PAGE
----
What we have lost

This strange time offers us an unexpected, remarkable gift. Close your eyes and listen carefully, so that you remember what we have lost.

The sky is draped with clouds, making my world more quiet. I listen carefully. There is no wind and the birds are quiet. I hear the droning sound of a barge in the distance, which is strangely comforting. I read somewhere that the little, day-to-day sounds connect us to our environment. Like some smells bring back fond memories, certain sounds can make us feel comfortable and safe. They put us in a state of relaxation, so that our senses can roam freely and we expand our awareness.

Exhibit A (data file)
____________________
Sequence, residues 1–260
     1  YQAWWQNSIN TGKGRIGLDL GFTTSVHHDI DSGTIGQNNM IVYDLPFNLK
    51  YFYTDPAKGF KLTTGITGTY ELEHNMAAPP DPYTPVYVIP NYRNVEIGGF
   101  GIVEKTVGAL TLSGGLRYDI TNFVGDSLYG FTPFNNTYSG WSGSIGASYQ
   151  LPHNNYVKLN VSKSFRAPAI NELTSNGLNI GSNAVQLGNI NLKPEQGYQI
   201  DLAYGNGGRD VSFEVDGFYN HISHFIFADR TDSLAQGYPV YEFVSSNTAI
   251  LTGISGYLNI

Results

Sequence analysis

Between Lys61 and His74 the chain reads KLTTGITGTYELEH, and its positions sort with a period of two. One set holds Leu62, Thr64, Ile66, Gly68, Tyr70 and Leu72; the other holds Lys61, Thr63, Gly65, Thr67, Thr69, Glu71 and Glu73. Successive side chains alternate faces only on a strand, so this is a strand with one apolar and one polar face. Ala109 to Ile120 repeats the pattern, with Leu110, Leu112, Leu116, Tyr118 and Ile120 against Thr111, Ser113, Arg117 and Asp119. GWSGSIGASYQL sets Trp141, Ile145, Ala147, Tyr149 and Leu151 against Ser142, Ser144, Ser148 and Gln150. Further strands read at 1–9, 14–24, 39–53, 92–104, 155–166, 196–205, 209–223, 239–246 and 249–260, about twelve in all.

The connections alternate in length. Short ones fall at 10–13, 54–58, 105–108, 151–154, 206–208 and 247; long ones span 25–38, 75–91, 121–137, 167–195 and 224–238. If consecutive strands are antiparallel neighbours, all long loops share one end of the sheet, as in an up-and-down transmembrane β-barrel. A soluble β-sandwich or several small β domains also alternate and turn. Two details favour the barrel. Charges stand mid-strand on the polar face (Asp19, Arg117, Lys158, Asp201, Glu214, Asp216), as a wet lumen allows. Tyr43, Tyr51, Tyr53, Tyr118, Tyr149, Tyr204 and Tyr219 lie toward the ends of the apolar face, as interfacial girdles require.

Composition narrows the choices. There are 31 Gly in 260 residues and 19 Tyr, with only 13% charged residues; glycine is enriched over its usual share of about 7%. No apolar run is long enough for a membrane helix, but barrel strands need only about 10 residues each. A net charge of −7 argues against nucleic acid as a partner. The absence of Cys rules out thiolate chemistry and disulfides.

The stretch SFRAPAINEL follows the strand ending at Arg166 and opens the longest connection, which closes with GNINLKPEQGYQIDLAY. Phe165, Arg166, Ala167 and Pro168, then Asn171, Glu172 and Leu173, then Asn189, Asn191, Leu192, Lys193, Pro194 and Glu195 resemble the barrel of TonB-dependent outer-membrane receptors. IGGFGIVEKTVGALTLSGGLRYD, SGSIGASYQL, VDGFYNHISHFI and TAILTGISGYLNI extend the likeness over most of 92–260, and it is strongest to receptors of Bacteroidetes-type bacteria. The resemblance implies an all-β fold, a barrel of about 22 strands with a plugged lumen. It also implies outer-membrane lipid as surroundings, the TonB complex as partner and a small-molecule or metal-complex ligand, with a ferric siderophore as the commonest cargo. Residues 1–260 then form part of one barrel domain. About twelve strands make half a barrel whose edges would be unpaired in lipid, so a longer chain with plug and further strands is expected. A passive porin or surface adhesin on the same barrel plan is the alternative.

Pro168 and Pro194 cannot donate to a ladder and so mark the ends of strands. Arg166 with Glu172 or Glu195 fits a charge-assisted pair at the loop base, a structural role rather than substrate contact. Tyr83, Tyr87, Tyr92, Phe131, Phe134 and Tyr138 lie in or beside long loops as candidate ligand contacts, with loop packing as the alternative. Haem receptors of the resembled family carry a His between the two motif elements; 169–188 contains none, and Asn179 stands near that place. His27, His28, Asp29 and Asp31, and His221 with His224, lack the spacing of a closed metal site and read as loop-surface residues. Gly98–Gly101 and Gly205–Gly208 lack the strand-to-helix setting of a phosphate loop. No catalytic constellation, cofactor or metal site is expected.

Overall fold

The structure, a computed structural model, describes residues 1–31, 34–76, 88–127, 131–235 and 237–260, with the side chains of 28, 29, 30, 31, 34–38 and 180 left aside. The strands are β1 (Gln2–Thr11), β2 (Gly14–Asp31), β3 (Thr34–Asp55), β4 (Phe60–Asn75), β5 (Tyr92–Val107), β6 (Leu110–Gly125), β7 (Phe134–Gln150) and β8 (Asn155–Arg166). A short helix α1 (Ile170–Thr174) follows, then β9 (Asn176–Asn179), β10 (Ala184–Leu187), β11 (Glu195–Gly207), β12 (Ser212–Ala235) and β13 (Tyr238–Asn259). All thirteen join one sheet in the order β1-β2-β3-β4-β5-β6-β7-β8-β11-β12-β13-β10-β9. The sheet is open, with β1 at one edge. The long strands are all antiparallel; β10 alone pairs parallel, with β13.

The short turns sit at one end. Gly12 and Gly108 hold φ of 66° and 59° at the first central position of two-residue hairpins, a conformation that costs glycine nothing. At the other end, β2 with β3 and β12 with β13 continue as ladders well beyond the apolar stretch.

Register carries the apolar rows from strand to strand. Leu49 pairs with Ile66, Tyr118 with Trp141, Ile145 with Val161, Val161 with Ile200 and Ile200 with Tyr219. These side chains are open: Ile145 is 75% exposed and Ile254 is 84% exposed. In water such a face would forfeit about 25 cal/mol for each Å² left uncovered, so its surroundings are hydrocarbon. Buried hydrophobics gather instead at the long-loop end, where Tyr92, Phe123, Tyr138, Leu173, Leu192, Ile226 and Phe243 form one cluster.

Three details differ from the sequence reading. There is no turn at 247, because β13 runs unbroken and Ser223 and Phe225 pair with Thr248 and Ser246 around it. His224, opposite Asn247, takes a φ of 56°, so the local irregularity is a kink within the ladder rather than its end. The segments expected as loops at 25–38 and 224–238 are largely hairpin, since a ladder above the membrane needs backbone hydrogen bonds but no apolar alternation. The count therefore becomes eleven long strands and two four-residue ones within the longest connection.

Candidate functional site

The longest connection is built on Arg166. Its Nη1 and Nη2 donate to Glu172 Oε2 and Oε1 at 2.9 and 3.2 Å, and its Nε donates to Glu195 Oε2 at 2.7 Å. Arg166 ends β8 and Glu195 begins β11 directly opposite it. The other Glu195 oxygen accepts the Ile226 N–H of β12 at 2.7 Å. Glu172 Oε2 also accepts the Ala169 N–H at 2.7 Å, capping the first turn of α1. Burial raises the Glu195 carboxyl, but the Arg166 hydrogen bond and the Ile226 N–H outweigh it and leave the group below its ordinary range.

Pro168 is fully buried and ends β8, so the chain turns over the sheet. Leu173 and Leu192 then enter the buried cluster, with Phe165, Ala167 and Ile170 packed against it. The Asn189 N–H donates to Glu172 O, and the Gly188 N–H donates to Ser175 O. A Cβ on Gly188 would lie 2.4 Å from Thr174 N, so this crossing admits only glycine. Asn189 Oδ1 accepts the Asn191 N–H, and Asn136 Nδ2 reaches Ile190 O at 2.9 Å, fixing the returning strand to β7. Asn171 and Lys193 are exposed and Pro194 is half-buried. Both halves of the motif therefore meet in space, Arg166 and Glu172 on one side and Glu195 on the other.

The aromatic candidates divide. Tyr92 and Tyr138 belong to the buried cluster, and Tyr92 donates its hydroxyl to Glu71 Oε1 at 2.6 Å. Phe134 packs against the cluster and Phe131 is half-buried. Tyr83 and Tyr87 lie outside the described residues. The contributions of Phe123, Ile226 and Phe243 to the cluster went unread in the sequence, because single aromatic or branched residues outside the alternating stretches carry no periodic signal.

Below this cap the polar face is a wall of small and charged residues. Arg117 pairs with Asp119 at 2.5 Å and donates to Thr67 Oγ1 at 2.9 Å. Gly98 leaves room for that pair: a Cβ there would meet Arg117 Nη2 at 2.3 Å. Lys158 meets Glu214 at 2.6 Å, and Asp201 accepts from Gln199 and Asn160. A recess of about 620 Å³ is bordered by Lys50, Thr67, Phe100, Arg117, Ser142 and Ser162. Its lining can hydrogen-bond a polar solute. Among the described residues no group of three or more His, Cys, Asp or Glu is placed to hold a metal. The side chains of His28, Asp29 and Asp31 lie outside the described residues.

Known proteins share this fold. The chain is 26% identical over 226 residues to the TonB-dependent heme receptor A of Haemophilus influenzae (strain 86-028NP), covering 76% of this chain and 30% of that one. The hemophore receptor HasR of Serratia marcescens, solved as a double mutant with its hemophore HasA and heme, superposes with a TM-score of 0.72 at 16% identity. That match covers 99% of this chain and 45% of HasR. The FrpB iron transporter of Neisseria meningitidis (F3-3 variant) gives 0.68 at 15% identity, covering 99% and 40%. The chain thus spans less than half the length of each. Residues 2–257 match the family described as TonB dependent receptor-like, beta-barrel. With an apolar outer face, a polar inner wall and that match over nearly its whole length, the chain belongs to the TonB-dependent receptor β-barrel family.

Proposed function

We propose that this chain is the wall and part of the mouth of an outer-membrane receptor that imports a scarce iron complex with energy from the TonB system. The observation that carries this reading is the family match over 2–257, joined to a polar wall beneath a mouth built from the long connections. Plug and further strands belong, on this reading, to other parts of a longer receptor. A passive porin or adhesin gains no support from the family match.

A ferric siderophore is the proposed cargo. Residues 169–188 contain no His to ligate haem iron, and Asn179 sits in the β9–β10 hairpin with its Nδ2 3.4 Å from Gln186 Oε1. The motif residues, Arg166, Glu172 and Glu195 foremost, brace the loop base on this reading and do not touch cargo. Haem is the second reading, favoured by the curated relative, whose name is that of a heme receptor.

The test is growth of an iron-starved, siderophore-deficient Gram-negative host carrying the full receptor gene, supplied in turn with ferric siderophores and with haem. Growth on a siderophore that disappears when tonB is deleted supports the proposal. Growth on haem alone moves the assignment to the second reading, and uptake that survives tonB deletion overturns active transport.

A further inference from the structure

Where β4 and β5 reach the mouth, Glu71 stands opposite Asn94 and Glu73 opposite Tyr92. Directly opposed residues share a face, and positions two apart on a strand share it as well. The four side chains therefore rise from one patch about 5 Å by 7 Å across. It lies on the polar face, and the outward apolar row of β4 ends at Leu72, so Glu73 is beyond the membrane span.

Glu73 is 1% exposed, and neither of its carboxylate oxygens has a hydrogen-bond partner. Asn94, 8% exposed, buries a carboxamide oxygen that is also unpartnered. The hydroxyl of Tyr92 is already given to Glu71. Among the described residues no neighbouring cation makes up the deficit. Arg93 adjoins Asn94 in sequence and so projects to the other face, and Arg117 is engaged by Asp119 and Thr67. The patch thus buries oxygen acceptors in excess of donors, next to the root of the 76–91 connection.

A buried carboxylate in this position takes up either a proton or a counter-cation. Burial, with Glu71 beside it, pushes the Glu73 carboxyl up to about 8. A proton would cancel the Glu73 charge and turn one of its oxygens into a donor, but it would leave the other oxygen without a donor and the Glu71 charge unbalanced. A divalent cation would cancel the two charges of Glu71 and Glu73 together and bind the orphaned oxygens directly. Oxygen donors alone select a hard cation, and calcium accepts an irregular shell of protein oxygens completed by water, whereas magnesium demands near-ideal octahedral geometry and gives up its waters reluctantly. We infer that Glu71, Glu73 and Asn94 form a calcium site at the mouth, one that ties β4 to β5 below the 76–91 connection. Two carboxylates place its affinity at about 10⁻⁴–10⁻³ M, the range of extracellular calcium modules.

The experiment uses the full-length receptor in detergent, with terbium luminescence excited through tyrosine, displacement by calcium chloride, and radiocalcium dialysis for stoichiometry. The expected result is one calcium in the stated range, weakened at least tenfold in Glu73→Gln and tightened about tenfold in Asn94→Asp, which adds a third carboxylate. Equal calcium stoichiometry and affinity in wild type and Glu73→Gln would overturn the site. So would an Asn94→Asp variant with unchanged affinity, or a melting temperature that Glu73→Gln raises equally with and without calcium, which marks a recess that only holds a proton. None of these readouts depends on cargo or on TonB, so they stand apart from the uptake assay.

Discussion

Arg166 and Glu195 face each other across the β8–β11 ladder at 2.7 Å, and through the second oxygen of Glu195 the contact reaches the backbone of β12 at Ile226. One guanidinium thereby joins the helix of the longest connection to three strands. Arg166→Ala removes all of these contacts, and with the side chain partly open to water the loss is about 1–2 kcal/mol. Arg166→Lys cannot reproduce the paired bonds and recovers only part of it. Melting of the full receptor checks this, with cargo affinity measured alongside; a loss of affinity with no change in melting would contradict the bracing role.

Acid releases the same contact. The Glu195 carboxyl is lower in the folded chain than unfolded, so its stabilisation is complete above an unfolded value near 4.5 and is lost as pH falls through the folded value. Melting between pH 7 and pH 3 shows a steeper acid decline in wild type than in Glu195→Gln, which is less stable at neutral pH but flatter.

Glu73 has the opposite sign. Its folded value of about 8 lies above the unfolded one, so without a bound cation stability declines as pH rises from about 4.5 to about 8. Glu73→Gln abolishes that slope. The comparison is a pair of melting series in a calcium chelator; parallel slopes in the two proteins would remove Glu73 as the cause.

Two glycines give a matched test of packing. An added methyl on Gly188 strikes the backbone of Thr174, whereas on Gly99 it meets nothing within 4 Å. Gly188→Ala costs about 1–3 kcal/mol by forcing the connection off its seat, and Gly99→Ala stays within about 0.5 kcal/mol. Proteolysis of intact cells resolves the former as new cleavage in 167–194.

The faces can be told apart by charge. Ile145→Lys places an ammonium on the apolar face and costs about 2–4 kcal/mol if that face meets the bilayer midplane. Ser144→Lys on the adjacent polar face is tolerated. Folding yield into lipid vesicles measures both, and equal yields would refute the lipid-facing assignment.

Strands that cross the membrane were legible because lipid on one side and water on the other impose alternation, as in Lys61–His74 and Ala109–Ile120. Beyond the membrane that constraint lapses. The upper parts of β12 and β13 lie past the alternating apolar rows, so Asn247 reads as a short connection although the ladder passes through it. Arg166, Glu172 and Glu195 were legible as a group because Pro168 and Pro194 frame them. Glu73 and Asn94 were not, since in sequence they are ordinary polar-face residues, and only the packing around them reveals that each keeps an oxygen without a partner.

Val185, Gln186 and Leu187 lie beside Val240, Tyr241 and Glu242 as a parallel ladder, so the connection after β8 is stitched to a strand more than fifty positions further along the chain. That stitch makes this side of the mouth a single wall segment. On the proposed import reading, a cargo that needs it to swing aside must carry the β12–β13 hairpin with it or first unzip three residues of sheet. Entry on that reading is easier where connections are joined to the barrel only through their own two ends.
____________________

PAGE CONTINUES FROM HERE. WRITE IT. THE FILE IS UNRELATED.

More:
Unfortunately, when loud or unexpected sounds drown out the little sounds, we are programmed to pay attention. It puts us in a state of alarm and distress. We narrow our focus; potential danger ahead.

Gordon Hempton, acoustic ecologist and avid collector of sounds across the world, defines real quiet as presence. Not an absence of sound, but an absence of noise. Noise is ubiquitous in our world. According to Hempton, real silence is an endangered species on the verge of extinction.

This strange time offers us an unexpected, remarkable gift. Silence. Make use of it. Close your eyes and listen carefully, so that you remember what we have lost.

April 18, 2020 Add Comment

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